Tuesday, January 6, 2009

DKBA Told It Must Provide Border Guards

The Irrawaddy News

The Democratic Karen Buddhist Army (DKBA), a splinter group of the Karen National Union, is expected to provide border guards under the terms of Burma’s new constitution, members were told at Independence Day celebrations at the headquarters of the DKBA’s Battalion 999.

The battalion commander, Col Chit Thu, said he had been given the news at a meeting with government officials in Naypyidaw. The DKBA, which signed a ceasefire agreement with the Burmese military regime after splitting with the KNU in 1995, was not expected to disarm, however.

Chit Thu was addressing DKBA members at Independence Day commemoration ceremonies at Shwe Kokko village, in Myawaddy Township, near the Thai-Burmese border.

A Karen businessman who is close to the DKBA leadership said some senior members of the group were unhappy with the news that DKBA members were expected to serve as border guards and had threatened to resign. He thought low-ranking members of the DKBA would continue to serve, however.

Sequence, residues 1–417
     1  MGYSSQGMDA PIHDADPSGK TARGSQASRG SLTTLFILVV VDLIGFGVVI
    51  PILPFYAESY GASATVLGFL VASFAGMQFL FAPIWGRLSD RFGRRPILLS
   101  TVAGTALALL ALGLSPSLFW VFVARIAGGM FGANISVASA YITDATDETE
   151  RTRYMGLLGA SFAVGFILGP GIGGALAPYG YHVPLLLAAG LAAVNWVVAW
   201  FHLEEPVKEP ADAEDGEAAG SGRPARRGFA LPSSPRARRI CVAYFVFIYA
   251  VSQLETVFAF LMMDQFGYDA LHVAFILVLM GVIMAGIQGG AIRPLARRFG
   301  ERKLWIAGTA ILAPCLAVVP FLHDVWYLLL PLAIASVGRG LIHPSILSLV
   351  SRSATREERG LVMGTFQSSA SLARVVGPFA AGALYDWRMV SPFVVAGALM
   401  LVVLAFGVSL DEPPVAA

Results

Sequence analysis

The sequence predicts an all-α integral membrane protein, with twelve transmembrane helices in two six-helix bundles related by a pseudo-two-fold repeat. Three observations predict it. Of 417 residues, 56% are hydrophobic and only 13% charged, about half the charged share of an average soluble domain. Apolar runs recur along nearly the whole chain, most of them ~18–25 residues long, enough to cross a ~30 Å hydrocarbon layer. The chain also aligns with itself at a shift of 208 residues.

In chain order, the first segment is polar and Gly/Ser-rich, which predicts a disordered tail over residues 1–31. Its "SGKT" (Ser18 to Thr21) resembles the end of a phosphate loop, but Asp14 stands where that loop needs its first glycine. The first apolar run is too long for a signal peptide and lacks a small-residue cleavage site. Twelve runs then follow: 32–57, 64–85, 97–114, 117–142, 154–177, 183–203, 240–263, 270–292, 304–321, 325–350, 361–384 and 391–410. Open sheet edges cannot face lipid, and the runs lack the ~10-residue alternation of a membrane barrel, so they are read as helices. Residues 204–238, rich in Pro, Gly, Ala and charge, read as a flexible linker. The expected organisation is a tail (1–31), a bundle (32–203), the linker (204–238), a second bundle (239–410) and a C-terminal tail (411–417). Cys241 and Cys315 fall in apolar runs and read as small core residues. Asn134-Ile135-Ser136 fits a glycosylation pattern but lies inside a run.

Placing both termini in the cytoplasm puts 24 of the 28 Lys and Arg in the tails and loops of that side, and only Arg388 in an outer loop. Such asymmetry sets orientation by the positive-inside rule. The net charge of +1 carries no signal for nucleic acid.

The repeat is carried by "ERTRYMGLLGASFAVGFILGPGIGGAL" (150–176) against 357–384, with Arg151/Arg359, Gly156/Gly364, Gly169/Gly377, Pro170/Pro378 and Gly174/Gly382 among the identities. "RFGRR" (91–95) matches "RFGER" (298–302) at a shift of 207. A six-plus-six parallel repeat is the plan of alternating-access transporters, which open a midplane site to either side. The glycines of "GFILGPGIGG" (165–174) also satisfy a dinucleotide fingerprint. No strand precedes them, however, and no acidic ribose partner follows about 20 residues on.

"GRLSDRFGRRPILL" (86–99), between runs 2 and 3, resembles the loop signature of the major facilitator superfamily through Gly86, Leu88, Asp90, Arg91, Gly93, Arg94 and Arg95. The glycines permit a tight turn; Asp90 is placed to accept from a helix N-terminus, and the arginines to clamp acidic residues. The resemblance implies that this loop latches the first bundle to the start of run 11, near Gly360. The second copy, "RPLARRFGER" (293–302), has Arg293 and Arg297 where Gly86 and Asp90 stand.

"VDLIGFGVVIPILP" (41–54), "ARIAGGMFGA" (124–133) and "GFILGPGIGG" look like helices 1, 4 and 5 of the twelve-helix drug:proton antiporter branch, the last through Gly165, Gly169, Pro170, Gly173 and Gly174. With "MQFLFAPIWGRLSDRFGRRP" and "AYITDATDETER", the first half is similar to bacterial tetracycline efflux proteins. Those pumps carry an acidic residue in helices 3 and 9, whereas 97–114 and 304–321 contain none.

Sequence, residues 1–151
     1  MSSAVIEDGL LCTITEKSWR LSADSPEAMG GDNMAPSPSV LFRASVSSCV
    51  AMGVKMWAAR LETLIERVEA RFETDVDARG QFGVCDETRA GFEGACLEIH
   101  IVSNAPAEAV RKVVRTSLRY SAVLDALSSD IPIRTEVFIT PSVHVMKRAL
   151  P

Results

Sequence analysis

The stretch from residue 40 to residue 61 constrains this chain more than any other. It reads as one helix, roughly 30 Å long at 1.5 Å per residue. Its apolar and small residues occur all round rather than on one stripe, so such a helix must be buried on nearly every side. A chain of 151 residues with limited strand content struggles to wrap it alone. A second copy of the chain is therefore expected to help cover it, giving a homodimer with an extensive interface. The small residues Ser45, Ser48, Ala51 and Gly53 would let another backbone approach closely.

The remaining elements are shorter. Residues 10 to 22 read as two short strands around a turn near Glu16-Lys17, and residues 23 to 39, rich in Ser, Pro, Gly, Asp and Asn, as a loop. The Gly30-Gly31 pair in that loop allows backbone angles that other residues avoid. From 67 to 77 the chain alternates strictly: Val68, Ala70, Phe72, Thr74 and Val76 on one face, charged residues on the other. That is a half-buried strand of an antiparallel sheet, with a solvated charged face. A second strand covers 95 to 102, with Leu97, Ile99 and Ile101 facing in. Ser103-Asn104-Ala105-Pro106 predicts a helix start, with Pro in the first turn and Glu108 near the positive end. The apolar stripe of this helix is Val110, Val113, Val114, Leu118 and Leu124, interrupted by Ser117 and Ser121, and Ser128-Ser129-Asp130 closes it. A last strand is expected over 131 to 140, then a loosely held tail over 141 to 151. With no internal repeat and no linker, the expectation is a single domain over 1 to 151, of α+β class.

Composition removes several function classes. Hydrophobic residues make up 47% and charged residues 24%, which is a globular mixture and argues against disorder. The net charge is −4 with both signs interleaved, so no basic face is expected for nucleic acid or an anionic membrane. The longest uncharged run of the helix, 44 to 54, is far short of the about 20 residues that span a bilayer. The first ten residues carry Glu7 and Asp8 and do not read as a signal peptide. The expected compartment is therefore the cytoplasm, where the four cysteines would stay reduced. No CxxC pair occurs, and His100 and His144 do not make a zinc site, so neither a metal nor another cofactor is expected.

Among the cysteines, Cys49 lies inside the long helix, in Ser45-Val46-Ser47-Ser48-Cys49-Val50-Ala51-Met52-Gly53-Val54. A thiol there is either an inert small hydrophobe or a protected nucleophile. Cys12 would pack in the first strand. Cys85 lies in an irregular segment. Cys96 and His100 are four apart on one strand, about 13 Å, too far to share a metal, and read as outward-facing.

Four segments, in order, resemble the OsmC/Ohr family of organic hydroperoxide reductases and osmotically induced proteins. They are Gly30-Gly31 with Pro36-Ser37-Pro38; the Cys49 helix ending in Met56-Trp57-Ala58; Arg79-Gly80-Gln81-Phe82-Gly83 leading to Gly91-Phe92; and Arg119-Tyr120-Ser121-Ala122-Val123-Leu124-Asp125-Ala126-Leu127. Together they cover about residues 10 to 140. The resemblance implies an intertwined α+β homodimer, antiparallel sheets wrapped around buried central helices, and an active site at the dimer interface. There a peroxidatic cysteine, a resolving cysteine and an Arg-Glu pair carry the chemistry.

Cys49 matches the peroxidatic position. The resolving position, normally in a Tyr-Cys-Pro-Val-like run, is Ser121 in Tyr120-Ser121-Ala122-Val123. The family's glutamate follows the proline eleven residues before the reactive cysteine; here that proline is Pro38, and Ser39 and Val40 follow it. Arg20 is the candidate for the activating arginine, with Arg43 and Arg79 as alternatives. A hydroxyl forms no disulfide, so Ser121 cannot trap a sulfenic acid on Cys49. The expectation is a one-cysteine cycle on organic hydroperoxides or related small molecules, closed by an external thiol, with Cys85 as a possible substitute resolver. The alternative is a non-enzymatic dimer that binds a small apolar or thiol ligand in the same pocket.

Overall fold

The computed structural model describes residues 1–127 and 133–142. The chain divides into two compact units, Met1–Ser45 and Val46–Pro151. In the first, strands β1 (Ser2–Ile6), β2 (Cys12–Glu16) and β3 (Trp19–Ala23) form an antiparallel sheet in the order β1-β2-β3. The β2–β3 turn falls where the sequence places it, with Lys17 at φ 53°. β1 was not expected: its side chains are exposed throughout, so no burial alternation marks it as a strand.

Meanwhile, a government team that arrived in Myawaddy on December 27 closed all border checkpoints near DKBA-controlled areas and ordered the group to halt illegal business, said a Burmese police official in Myawaddy.

According to a member of the New Mon State Party, some members of DKBA Battalion 999 had explored the possibility of establishing a base in the Three Pagodas Pass area, on the Thai-Burmese border at the end of December.

Col Nyan Tun, a member of the Mon National Liberation Army, said the Burmese military had established a base of its own in the area in preparation for an assault on KNU forces.

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